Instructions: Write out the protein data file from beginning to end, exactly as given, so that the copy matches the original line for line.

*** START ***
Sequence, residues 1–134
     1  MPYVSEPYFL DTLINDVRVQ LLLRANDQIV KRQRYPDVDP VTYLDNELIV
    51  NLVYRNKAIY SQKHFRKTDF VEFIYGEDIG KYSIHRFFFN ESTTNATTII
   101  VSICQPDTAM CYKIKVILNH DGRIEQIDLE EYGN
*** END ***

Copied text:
Sequence, residues 1–134
     1  MPYVSEPYFL DTLINDVRVQ LLLRANDQIV KRQRYPDVDP VTYLDNELIV
    51  NLVYRNKAIY SQKHFRKTDF VEFIYGEDIG KYSIHRFFFN ESTTNATTII
   101  VSICQPDTAM CYKIKVILNH DGRIEQIDLE EYGN